One of my favorite Christmas memories occurred at bedtime when I was reading the Mickey Mouse version of “A Christmas Carol” to our then 3 and 2-year-old children, all tucked in snug and warm in their pajamas. When we got to the page where Tiny Tim was using the little crutch, Carver turned to his sister and said, “Don’t worry, Greta, he can still ski with outriggers.” For those of you unfamiliar with adaptive skiing, someone might use outriggers in place of poles if they need more balance due to muscle weakness or chronic fatigue, or if they are only skiing on one leg, or if they are like Geoff, who sits down to ski because of his level of paralysis. For the longest time, Carver just wanted his own pair of outriggers to ski with, even asking for a pair that year for Christmas.
Anyone with any kind of educational background would recognize that disabled people in Tiny Tim’s era of existence would not have been participating in any kind of adaptive anything, let alone skiing down a mountain using handheld outriggers! Tiny Tim’s world would have been very small and very stressful for both him and his family. Yet, here we are in 2018, where I’d like to believe life is easier when it comes to mobility.
Except when you want to take your family picture out in the yard, which already has deep snow, even in November, making wheelchair passage nearly impossible. However, this was my vision for this year’s Christmas card, and we would make it happen. In the winter, my husband works at Loon Mountain Resort on weekends making days off together rare.Coupled with nighttime falling at about 3:45, I knew we were on very limited time on this particular day where the snow was falling in the biggest, fattest flakes, and Geoff was home when the children and I arrived home from school.It sounded a little like this:
“Quick.Get your snow pants and boots back on.Yes, pee first. Sure, grab a snack. No cheese doodles or chocolate or we will have to brush your teeth again. Uncle Kenny will be here any minute with his camera. No, stop taking clothes off! No cheese doodles! I said put your snow clothes back on. Then I need you guys to pack the snow down from here to there. Use shovels. Pull each other in sleds. Whatever needs to be done, so I can drag Daddy’s wheelchair (with him in it of course).”
Geoff just stayed out of our way with the dog as I ran inside to ditch my work clothes and put my own snow pants, winter coat, etc, all the while very conscious of the day’s waning light. Hurry. Hurry. Hurry. I returned to my front yard and find that neither child has done what I’ve asked them, and they are 7 and 8, very capable of the manual labor sometimes required to be in our family. No flat path. No shoveling. No sleds. Instead, though, they are laughing with their dad and throwing snowballs in the air for our dog to catch in the mouth as snow sails slowly down all around them like a real-life snow globe. I pause for one minute to take it in because it’s beautiful– all of it. My family. The snow. The gift of time together. The temporary peace on Earth when snow makes the world quiet. Then we see Uncle Kenny pull up with his fancy camera, and the snow lets up enough for him to take a few shots after we all drag Daddy through the snow because, well, Mom wants this year’s picture to be different.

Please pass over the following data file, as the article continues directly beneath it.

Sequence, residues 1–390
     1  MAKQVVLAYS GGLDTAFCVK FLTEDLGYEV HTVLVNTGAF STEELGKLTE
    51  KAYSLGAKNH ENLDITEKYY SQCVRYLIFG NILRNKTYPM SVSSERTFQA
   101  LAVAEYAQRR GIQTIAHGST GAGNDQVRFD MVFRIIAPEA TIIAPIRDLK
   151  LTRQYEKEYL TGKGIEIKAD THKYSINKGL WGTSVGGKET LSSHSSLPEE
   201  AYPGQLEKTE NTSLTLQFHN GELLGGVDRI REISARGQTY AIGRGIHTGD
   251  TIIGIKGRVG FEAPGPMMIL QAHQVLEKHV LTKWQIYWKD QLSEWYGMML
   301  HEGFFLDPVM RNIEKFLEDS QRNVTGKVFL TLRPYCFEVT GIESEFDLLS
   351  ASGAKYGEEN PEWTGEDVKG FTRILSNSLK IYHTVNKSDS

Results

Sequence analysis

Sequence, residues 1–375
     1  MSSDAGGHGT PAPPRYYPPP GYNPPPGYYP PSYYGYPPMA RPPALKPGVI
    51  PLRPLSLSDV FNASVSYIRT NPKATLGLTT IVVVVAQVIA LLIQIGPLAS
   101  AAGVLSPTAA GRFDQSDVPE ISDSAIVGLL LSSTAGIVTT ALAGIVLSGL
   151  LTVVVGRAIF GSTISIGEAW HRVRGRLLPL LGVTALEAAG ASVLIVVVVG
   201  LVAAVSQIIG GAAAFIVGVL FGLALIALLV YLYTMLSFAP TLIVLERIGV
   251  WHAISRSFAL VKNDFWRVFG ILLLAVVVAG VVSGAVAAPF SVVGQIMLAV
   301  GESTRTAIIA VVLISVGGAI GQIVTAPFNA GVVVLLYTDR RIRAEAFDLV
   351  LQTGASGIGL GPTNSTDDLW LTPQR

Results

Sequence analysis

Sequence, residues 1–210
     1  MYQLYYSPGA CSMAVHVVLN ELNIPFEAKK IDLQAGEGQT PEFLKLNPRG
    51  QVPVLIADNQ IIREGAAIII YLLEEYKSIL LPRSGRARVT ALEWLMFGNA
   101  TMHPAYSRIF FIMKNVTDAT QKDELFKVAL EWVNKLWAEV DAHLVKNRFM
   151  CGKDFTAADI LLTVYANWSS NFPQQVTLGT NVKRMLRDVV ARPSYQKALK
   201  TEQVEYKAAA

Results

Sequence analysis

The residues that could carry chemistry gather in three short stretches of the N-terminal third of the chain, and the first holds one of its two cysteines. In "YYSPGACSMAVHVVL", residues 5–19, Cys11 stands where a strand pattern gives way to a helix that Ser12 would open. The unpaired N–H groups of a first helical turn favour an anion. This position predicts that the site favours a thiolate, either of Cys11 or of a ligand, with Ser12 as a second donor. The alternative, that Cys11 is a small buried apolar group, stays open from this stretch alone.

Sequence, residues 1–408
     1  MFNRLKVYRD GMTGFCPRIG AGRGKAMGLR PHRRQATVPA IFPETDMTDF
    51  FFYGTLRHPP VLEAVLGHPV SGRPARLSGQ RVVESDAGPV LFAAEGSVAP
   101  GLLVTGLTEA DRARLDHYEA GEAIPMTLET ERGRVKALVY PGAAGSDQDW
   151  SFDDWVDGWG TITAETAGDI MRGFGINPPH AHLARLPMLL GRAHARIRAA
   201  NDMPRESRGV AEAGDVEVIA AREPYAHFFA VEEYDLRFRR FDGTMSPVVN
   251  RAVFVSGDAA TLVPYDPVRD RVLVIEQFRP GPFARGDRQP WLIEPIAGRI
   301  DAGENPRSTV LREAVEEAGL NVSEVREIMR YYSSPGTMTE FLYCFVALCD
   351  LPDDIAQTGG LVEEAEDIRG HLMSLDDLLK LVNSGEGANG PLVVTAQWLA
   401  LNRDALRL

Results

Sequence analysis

But here’s the thing, I’ve never thought about our own mortality in the same way I have this year. It’s not that we are feeling old; it’s the opposite really. It’s that our children are just now growing into actual people whom I would like to know as adults. Perhaps the end of another year gives us that insight to reflect on those important moments that matter, the ones filled with hope, the ones of regret, the ones we may miss most of all, and the ones yet to come. Dickens really had something special there with those ghosts of Christmas past, present, and future; and we don’t need to be Scrooge or Tiny Tim to be able to bless us all, everyone.
Heather Krill is a writer- wife- teacher-mom who lives in the White Mountains of NH with her husband, Geoff, a paraplegic and professional skier, and their two children, Carver and Greta who are 8 and 7.Please check out her novel True North, website www.heatherkrill.com, author FB page Heather Krill, and @heatherkrill1 on Twitter.